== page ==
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rnage after an explosion in Southeast Turkey. At least eight people dead and more than a hundred injured.
e car bomb blast struck near a police station in Diyarbakir. Officials blaming it on Kurdish PKK militants. The attack came just hours after a crackdown on the country's main pro-Kurdish party.
lice arresting about a dozen MPs from the People's Democratic Party also known as HDP including its joint leaders. Reuters Ayla Jean Yackley is in Istanbul.>> And the official reason given for their arrest was that they had refused police summons to give testimony in cases that were opened up earlier this year.
The government says these parliamentarians are encouraging terrorism and they are mixing with terrorists. President Tayyip Erdogan has said he's determined to, quote, dry the swamp of the insurgency, and he links these MPs to that effort.>>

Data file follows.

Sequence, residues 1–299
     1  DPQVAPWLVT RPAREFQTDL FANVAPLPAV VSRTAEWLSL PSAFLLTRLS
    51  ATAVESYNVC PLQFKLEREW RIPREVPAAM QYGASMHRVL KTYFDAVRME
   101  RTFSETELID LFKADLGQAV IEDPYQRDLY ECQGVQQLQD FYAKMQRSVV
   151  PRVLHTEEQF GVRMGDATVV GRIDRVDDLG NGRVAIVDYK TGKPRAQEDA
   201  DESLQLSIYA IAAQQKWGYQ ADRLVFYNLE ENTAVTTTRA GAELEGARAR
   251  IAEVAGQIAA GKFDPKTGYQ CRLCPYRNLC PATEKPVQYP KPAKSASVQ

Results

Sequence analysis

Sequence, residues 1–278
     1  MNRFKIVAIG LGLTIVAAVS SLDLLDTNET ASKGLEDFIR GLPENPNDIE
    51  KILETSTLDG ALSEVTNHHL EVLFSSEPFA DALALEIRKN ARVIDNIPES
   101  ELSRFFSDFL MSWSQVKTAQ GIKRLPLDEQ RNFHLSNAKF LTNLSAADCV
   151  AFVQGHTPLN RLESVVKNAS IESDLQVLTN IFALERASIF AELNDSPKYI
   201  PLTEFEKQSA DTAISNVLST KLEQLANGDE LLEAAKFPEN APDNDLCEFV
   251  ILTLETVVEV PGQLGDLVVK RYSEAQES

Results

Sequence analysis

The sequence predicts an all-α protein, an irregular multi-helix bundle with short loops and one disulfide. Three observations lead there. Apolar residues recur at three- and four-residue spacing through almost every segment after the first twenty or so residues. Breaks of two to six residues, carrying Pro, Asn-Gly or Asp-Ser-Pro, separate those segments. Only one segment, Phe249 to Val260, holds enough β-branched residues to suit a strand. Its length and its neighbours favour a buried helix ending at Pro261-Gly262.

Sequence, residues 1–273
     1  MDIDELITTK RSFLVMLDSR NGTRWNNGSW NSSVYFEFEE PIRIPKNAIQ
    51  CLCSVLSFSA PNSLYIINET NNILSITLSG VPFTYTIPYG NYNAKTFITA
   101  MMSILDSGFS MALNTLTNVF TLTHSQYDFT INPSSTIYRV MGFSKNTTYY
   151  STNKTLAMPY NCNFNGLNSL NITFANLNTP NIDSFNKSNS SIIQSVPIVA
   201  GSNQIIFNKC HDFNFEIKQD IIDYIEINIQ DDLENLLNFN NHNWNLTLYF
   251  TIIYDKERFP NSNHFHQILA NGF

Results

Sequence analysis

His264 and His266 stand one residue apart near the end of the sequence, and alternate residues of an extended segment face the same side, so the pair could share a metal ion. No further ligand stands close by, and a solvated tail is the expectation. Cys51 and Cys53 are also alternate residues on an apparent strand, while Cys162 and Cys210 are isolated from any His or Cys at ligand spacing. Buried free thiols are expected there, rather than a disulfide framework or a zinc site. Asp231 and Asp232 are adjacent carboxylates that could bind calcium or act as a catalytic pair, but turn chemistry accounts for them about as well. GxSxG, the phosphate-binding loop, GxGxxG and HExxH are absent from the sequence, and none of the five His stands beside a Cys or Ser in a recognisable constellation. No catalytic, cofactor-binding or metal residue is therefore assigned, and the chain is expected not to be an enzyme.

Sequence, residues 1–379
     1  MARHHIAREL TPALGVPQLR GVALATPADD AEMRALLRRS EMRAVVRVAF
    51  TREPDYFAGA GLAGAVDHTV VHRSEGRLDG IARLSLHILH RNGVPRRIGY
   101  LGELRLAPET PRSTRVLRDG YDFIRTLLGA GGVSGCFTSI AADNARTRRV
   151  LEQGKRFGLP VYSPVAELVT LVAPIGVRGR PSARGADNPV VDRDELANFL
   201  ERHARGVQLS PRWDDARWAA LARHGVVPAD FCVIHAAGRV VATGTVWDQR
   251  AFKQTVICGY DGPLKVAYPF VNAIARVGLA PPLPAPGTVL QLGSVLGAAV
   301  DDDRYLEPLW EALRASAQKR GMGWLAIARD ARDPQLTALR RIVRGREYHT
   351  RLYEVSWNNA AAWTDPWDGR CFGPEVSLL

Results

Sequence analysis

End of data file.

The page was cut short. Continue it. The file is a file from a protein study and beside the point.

> The HDP, which won more that five million votes in the last election, denies any links to the PKK group.
It says the arrests are politically motivated and an attempt to provoke civil war. The EU immediately condemning the move, calling it extremely worrying.>> There seems to be a general unease with Turkey's steps towards both journalism as well as to the political opposition. But it doesn't really go much further than rhetoric, and the rhetoric doesn't get much more severe than terms like worrying or cause for concern.
The US, because of its fight in Iraq and in Syria against Islamic State, and the EU because of the migrant crisis both see Turkey as an essential partner that they must work with.>> Turkish politicians are usually exempt from prosecution, but the pro-Kurdish party's immunity was scrapped earlier this year.
They fear more of them could now be rounded up to join their leaders behind bars.